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Title: Consortia of low-abundance bacteria drive sulfate reduction-dependent degradation of fermentation products in peat soil microcosms

A cryptic sulfur cycle and effectively competes with methanogenic degradation pathways sustains dissimilatory sulfate reduction in peatlands. In a series of peat soil microcosms incubated over 50 days, we identified bacterial consortia that responded to small, periodic additions of individual fermentation products (formate, acetate, propionate, lactate or butyrate) in the presence or absence of sulfate. Under sulfate supplementation, net sulfate turnover (ST) steadily increased to 16–174 nmol cm –3 per day and almost completely blocked methanogenesis. 16S rRNA gene and cDNA amplicon sequencing identified microorganisms whose increases in ribosome numbers strongly correlated to ST. Natively abundant (greater than or equal to0.1% estimated genome abundance) species-level operational taxonomic units (OTUs) showed no significant response to sulfate. In contrast, low-abundance OTUs responded significantly to sulfate in incubations with propionate, lactate and butyrate. These OTUs included members of recognized sulfate-reducing taxa (Desulfosporosinus, Desulfopila, Desulfomonile, Desulfovibrio) and also members of taxa that are either yet unknown sulfate reducers or metabolic interaction partners thereof. The most responsive OTUs markedly increased their ribosome content but only weakly increased in abundance. Responsive Desulfosporosinus OTUs even maintained a constantly low population size throughout 50 days, which suggests a novel strategy of rare biosphere members to display activity. Interestingly,more » two OTUs of the non-sulfate-reducing genus Telmatospirillum (Alphaproteobacteria) showed strongly contrasting preferences towards sulfate in butyrate-amended microcosms, corroborating that closely related microorganisms are not necessarily ecologically coherent. We show that diverse consortia of low-abundance microorganisms can perform peat soil sulfate reduction, a process that exerts control on methane production in these climate-relevant ecosystems.« less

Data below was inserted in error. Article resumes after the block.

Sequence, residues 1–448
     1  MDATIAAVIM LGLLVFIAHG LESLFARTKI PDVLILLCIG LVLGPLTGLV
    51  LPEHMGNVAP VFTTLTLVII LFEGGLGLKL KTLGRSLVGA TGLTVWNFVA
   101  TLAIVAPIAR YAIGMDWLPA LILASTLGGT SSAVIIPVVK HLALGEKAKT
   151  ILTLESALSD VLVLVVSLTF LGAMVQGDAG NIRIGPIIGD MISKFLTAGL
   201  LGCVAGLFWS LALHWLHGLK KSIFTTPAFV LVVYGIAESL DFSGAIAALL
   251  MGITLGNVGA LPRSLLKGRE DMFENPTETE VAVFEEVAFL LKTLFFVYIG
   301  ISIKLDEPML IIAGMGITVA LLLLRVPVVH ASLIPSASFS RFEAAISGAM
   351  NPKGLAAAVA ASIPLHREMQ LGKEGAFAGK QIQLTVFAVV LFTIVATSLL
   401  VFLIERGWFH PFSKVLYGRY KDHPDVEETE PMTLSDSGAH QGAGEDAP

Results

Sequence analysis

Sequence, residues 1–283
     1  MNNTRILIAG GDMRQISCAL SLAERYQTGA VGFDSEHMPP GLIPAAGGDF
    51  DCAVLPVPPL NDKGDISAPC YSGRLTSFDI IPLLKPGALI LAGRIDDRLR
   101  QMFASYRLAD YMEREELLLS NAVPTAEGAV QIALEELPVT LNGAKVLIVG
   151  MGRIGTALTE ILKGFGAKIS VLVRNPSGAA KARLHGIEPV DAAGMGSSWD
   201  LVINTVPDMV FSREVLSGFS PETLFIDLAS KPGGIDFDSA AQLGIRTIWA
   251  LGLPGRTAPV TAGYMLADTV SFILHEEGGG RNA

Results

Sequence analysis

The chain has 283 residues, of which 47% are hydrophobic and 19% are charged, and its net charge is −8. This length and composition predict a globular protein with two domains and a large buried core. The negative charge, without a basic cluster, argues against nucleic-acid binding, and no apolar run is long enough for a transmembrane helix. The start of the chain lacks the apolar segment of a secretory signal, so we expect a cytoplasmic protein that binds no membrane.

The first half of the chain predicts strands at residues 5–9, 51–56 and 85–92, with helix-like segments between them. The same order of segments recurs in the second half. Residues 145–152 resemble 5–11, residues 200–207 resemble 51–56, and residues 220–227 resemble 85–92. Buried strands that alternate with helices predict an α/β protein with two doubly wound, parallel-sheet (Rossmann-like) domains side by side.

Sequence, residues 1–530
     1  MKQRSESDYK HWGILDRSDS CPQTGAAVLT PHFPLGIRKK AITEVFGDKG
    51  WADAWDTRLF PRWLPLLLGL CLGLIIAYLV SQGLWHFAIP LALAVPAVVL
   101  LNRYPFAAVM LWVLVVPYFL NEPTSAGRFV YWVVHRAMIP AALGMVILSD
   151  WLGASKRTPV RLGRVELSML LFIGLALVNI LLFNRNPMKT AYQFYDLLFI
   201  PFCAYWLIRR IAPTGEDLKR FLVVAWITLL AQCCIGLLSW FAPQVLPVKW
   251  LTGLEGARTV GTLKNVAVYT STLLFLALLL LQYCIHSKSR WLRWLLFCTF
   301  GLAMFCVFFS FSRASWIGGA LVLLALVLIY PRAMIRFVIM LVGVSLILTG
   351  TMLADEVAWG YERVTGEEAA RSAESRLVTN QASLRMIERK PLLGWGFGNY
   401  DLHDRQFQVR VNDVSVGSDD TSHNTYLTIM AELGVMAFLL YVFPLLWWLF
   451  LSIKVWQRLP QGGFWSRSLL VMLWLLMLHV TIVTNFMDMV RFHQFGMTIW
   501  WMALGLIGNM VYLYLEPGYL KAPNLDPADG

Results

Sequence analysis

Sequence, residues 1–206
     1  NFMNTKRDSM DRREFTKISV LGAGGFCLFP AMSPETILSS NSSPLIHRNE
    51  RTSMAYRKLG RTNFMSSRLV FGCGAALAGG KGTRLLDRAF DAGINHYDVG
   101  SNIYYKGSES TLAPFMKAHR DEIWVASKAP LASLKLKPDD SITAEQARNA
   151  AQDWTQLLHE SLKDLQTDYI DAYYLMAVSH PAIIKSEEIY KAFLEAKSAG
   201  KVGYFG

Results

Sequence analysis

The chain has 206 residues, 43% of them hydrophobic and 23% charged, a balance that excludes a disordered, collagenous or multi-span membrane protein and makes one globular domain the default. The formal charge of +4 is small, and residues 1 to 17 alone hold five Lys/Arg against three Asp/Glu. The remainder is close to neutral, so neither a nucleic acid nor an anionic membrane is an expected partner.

Authors: